From pillar to post
Pillar Pil"lar, n. [OE. pilerF. pilier, LL. pilare, pilarium, pilarius, fr. L. pila a pillar. See {Pile} a heap.] 1. The general and popular term for a firm, upright, insulated support for a superstructure; a pier, column, or post; also, a column or shaft not supporting a superstructure, as one erected for a monument or an ornament. [1913 Webster]

Jacob set a pillar upon her grave. --Gen. xxxv. 20. [1913 Webster]

The place . . . vast and proud, Supported by a hundred pillars stood. --Dryden. [1913 Webster]

2. Figuratively, that which resembles such a pillar in appearance, character, or office; a supporter or mainstay; as, the Pillars of Hercules; a pillar of the state. ``You are a well-deserving pillar.'' --Shak. [1913 Webster]

By day a cloud, by night a pillar of fire. --Milton. [1913 Webster]

3. (R. C. Ch.) A portable ornamental column, formerly carried before a cardinal, as emblematic of his support to the church. [Obs.] --Skelton. [1913 Webster]

4. (Man.) The center of the volta, ring, or manege ground, around which a horse turns. [1913 Webster]

{From pillar to post}, hither and thither; to and fro; from one place or predicament to another; backward and forward. [Colloq.]

{Pillar saint}. See {Stylite}.

{Pillars of the fauces}. See {Fauces}, 1. [1913 Webster]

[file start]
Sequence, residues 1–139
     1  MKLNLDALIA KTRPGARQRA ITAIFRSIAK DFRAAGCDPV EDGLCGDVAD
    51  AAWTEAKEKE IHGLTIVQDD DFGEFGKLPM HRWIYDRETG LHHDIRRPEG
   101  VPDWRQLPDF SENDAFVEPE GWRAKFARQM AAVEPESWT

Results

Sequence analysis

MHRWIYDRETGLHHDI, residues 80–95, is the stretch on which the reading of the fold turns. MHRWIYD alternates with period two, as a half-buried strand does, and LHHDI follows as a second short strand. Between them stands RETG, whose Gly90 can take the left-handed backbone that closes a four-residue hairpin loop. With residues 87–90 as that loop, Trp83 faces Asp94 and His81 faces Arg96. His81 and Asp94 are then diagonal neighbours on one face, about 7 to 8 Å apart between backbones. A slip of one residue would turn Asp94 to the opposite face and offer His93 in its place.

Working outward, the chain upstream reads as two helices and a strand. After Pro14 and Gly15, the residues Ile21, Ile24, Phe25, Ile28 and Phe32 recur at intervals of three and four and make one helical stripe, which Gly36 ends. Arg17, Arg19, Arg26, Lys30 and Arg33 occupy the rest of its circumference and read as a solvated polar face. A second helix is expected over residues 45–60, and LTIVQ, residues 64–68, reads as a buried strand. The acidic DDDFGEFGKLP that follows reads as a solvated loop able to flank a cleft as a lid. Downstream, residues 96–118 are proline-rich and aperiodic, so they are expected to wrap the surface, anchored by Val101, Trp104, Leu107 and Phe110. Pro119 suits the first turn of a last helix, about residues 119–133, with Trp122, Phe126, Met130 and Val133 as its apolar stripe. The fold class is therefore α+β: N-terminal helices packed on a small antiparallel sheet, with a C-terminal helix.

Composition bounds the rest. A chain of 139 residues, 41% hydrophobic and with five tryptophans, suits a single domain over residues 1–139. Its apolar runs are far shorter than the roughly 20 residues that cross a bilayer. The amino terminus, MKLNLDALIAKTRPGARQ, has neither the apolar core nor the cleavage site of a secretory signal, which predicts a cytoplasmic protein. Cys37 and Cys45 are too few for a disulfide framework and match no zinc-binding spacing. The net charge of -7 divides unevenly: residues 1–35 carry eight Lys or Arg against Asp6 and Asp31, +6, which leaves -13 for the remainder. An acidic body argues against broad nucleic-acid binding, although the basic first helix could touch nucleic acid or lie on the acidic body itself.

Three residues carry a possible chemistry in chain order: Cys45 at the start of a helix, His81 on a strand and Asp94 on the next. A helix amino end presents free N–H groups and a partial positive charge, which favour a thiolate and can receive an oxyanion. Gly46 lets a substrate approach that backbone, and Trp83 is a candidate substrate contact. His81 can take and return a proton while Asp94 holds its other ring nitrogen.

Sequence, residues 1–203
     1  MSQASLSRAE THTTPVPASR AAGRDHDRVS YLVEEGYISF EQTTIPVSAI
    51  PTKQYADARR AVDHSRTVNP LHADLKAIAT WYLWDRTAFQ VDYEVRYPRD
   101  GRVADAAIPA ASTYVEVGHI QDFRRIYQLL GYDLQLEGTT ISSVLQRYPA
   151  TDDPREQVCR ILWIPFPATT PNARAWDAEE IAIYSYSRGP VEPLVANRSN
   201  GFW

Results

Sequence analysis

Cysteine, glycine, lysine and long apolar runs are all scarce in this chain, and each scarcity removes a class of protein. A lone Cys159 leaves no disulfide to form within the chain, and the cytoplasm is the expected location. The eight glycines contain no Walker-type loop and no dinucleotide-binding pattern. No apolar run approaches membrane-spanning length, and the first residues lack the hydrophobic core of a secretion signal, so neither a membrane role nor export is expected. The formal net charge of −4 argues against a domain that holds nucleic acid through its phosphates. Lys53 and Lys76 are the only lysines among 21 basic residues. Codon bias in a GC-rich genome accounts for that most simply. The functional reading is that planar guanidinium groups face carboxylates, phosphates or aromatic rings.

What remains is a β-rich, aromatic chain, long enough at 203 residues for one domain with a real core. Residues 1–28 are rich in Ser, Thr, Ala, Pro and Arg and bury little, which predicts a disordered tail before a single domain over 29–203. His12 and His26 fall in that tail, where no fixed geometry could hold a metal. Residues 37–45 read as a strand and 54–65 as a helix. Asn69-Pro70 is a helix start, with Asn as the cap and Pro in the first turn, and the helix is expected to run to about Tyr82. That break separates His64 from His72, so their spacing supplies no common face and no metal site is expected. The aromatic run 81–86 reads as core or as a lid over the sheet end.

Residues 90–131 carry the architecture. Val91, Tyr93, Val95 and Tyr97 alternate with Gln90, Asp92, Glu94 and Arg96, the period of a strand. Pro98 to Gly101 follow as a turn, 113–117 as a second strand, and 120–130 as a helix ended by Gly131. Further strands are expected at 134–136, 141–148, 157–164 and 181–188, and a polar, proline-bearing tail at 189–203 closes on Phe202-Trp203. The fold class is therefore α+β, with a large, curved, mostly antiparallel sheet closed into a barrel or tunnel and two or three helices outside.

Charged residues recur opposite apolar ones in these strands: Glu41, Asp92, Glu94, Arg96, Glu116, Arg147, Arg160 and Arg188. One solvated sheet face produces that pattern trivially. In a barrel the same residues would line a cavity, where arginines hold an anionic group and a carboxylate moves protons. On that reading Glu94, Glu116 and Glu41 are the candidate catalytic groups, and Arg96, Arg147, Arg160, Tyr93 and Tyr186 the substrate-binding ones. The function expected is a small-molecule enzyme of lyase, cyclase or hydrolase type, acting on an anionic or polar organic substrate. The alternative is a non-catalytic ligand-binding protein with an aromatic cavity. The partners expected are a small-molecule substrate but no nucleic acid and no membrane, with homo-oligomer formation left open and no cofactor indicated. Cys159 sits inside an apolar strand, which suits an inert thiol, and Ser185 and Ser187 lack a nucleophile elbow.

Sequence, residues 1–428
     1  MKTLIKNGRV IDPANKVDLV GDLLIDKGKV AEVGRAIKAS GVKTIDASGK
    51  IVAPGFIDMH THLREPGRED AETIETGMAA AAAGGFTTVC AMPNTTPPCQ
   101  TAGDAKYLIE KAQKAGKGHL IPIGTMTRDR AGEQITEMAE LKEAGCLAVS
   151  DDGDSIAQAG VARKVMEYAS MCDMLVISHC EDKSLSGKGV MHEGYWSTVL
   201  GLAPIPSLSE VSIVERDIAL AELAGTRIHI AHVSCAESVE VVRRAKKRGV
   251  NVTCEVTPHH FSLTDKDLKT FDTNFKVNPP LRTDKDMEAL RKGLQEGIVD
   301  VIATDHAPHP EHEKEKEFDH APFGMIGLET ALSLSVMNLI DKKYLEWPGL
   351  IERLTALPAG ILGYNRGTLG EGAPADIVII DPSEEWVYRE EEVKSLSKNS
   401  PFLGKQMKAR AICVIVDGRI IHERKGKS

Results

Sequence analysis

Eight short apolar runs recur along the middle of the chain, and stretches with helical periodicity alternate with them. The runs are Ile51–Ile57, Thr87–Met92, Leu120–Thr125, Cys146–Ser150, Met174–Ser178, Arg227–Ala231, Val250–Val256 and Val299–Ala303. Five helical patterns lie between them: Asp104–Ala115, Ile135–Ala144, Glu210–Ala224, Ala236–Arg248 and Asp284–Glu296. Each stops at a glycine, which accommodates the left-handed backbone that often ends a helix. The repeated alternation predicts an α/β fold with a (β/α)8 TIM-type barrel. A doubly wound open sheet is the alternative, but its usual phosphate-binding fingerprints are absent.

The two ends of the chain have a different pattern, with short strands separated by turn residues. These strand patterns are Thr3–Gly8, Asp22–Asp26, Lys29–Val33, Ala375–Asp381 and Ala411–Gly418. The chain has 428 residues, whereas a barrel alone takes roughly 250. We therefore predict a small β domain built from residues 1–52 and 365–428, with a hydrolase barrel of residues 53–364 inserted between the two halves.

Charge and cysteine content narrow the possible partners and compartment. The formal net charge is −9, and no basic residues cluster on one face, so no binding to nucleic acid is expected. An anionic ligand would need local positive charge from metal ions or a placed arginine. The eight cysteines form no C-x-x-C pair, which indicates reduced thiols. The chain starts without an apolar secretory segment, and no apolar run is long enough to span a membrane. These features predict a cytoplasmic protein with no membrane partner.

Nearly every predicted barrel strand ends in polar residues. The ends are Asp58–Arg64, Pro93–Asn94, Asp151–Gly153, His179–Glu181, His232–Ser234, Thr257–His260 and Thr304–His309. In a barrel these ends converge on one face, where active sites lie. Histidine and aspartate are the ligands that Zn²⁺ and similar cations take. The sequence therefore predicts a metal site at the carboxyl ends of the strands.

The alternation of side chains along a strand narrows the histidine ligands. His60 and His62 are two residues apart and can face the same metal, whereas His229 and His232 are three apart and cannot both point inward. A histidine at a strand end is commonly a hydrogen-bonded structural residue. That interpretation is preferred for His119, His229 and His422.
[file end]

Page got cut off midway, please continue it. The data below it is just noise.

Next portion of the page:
The Collaborative International Dictionary of English. 2000.

Look at other dictionaries:

  • from pillar to post — {adv. phr.} From one place to another many times. * /Sarah s father changed jobs several times a year, and the family was moved from pillar to post./ …   Dictionary of American idioms

  • from pillar to post — {adv. phr.} From one place to another many times. * /Sarah s father changed jobs several times a year, and the family was moved from pillar to post./ …   Dictionary of American idioms

  • From pillar to post — Post Post, n. [AS., fr. L. postis, akin to ponere, positum, to place. See {Position}, and cf. 4th {Post}.] 1. A piece of timber, metal, or other solid substance, fixed, or to be fixed, firmly in an upright position, especially when intended as a… …   The Collaborative International Dictionary of English

  • from pillar to post — phrasal from one place or one predicament to another …   New Collegiate Dictionary

  • from pillar to post — adverb From one place (or person, or task) to another; hither and thither …   Wiktionary

  • pillar to post — See: FROM PILLAR TO POST …   Dictionary of American idioms

  • pillar to post — See: FROM PILLAR TO POST …   Dictionary of American idioms

  • Pillar — Pil lar, n. [OE. pilerF. pilier, LL. pilare, pilarium, pilarius, fr. L. pila a pillar. See {Pile} a heap.] 1. The general and popular term for a firm, upright, insulated support for a superstructure; a pier, column, or post; also, a column or… …   The Collaborative International Dictionary of English

  • Pillar saint — Pillar Pil lar, n. [OE. pilerF. pilier, LL. pilare, pilarium, pilarius, fr. L. pila a pillar. See {Pile} a heap.] 1. The general and popular term for a firm, upright, insulated support for a superstructure; a pier, column, or post; also, a column …   The Collaborative International Dictionary of English

  • Post — Post, n. [AS., fr. L. postis, akin to ponere, positum, to place. See {Position}, and cf. 4th {Post}.] 1. A piece of timber, metal, or other solid substance, fixed, or to be fixed, firmly in an upright position, especially when intended as a stay… …   The Collaborative International Dictionary of English

Share the article and excerpts

Direct link
Do a right-click on the link above
and select “Copy Link”